Breaking Bread

Alexander Heffner ’12 plumbs the state of democracy.

Alexander Heffner and Governor Maura Healey

Governor Maura Healey and Alexander Heffner | PHOTOGRAPH COURTESY OF The Open Mind Legacy Project

In his new show on Bloomberg TV, Alexander Heffner ’12 uses the universal language of food to speak with governors and senators from across the country—and the political spectrum—about the divisive politics threatening the health of American democracy.

In Massachusetts, he shares oysters with Governor Maura Healey ’92 (D-Mass.) on Boston Harbor while they talk about the state’s acute housing crisis. In Alaska, he goes on a nature walk with Senator Lisa Murkowski (R-Alaska), and then discusses voting rights over salmon burgers. As Heffner, a journalist and host of the PBS show The Open Mind, treks his away across the country in season two of Breaking Bread with Alexander—premiering July 4—he treats viewers to casual and honest conversations with major politicians, between bites of local American fare, from Kansas chili to Georgia chicken and waffles.

Alexander Heffner, Maura Healey
Heffner (left) sharing oysters with Governor Maura Healey (right) | PHOTOGRAPH COURTESY OF The Open Mind Legacy Project

In a presidential election year and amid a climate of fierce polarization and disagreement, Heffner’s show is meant to be a foundation for creating consensus—with food as an entry point to “disarm” his guests—before leaping into their major passion projects, such as comprehensive immigration or social security reform. Heffner describes it as “Anthony Bourdain meets Meet the Press.”

In season one, the show tackled a range of conceptual and policy issues. “In several episodes, we highlighted this idea of accountability—understanding government expenditures,” he said, exploring what it means to “democratize” more information about the government’s internal functioning and how elected officials reach major decisions that will affect their constituents’ lives.

Co-produced with his longtime friend, entrepreneur Maxwell Meyer ’12 (who also wrote the music), the show is a more colorful spinoff of Heffner’s PBS program, which covers “all realms of civic life.” Heffner’s grandfather founded that program in 1956, interviewing iconic American figures, including Martin Luther King Jr., until 2013, when Alexander assumed charge. That experience helped prepare him to “break bread” with the guests for his new series, while bringing him away from his “perch on The Open Mind,” Heffner said, a show “largely confined to a studio.”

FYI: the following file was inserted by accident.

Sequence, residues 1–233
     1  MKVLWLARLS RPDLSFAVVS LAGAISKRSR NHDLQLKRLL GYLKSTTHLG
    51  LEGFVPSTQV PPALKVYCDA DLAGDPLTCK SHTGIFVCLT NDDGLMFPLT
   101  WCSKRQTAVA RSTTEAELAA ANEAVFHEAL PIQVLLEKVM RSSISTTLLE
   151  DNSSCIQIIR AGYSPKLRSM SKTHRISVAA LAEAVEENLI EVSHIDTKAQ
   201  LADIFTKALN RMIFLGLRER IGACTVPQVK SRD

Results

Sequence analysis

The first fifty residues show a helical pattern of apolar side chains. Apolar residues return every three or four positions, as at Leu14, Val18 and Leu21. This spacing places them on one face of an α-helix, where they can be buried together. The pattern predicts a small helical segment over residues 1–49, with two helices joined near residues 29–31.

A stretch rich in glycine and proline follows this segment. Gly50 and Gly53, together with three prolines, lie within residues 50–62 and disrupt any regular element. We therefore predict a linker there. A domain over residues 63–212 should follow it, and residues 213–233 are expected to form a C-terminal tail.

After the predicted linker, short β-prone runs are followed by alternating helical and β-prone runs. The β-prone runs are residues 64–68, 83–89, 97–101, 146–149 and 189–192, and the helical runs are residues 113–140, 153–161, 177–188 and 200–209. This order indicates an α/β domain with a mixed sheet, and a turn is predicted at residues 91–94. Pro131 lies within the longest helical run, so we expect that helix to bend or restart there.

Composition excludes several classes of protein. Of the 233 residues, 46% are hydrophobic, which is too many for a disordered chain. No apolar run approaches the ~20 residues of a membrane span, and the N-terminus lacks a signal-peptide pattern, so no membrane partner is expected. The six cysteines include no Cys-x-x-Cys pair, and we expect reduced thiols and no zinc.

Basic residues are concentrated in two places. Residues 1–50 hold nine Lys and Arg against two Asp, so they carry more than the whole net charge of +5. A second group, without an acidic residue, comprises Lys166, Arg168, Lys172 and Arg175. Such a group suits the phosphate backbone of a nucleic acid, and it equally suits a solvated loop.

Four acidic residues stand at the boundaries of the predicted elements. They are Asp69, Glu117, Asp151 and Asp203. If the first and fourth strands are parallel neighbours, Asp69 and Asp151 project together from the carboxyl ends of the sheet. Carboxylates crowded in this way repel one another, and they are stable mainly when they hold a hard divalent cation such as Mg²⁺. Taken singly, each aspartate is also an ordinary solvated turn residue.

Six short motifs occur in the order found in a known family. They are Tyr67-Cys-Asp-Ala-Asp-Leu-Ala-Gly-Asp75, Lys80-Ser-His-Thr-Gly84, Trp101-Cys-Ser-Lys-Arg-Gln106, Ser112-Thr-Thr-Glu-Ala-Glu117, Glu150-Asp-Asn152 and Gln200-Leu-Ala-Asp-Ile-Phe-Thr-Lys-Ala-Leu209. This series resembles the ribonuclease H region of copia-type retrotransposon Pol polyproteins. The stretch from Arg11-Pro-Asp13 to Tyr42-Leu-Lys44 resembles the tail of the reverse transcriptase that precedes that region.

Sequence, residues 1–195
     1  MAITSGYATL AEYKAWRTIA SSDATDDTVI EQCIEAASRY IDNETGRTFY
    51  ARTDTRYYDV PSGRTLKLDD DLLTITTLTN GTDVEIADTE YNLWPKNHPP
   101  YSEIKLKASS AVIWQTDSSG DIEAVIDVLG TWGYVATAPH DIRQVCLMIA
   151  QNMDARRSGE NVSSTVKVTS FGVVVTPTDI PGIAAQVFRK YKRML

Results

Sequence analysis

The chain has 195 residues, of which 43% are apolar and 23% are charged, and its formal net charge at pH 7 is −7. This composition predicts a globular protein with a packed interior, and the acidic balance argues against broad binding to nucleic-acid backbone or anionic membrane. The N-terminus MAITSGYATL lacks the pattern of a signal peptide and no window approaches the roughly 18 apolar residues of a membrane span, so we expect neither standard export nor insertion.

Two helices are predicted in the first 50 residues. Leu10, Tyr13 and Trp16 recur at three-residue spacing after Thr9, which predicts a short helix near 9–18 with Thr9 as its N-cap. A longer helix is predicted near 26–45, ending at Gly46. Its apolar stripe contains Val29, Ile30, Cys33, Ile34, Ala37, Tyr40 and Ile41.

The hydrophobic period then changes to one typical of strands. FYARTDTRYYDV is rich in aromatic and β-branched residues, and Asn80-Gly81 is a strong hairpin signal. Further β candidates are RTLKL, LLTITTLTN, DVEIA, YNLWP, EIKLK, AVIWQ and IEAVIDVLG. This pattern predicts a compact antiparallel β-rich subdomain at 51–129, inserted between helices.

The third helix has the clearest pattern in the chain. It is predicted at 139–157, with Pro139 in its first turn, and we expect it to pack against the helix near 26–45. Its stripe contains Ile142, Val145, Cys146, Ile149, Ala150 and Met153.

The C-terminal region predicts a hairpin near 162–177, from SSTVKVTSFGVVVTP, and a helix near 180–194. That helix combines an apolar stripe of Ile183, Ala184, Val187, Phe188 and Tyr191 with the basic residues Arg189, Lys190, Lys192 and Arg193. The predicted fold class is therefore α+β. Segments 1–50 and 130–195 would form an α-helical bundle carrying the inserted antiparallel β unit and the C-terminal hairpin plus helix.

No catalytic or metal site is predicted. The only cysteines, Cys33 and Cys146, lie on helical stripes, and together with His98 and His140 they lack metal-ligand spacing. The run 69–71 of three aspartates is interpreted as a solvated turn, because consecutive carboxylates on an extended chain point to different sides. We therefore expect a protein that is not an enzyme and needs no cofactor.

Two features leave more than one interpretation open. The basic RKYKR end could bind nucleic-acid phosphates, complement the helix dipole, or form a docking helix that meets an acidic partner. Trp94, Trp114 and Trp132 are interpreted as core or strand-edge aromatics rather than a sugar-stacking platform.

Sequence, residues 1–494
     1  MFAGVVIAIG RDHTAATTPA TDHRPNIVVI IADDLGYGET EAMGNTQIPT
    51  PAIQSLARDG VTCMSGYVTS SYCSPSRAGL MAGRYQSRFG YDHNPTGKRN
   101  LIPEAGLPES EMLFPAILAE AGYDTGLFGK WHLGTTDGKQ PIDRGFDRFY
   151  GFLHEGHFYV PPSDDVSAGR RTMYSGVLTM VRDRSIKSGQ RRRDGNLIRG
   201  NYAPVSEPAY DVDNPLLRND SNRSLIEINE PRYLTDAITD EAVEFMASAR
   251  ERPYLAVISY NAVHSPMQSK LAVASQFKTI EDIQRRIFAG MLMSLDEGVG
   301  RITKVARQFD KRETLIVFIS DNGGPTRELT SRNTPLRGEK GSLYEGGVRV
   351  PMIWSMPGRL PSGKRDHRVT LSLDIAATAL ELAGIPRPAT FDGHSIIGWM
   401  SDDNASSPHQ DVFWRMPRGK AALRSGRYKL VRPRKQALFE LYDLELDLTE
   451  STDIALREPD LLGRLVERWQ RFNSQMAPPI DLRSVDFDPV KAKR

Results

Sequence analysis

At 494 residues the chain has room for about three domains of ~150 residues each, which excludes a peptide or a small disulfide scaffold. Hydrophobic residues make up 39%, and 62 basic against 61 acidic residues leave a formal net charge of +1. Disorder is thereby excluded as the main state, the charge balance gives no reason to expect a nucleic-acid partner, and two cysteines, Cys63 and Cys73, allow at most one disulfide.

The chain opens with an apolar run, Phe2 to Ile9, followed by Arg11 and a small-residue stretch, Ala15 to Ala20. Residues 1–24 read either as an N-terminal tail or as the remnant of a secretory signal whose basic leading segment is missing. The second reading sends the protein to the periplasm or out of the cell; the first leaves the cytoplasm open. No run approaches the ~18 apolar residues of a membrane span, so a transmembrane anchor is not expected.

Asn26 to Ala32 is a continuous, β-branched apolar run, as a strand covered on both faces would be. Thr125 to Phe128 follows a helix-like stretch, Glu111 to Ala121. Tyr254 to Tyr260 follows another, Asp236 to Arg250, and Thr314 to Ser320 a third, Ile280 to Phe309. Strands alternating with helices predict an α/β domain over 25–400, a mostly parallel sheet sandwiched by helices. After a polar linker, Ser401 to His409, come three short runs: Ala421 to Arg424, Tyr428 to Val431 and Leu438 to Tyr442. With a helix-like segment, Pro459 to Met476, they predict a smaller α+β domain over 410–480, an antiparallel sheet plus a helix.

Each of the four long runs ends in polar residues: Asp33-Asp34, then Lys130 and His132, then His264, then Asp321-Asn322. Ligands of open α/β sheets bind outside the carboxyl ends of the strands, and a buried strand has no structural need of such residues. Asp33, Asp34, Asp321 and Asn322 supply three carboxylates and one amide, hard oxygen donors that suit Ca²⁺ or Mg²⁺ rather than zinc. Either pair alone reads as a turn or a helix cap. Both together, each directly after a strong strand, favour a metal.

group
From left: Alexander Heffner, Maxwell Meyer, Senator Heinrich, and Julie Heinrich, during Season 1 production | PHOTOGRAPH COURTESY OF The Open Mind Legacy Project

In some ways, the co-producers’ friendship mirrors the spirit of the show. Heffner, from New York City, and Meyer, from rural South Dakota, met at boarding school before attending Harvard. They’ve been friends ever since, keeping up active political conversations where they’ve found a way to grow by bridging their very different backgrounds (and sometimes beliefs) into a sincere exchange they say is rarer now in the United States. “America is polarized,” Meyer said, “and we seem to be in this perpetual gridlock.”

Like many people, they both wanted to find hope for a national way forward. They decided to use food, Meyer continued, as a way to “focus on what unites us and try to find some common ground. It’s hard to be angry when you’re eating a cheeseburger, right?”

The show’s exchanges might also help Americans engage each other with more intellectual honesty, the co-producers said. By removing senators and governors from the tense, politics-choked environment of the capitals, they can better acknowledge the complexity of major issues such as immigration, and the shortcomings of—or at least objections to—their own solutions to vexing problems.

In the new season, Heffner travels from Boston to Savannah, Tucson, Baltimore, and beyond, speaking with national figures including Senator Raphael Warnock (D-Ga.) and Senator Jerry Moran (R-Kans.). In Massachusetts, he finds a fellow Harvard College graduate in Governor Healey, and even ropes in College friend Carl Malm ’12 for a cameo.

Within the national discourse, the co-producers hope Breaking Bread might help “restore the national morale,” Heffner said. Following a month of divisive Supreme Court rulings, ahead of a contentious presidential rematch, the show airs at a fitting moment in the nation’s political life.

Read more articles by Jack R. Trapanick

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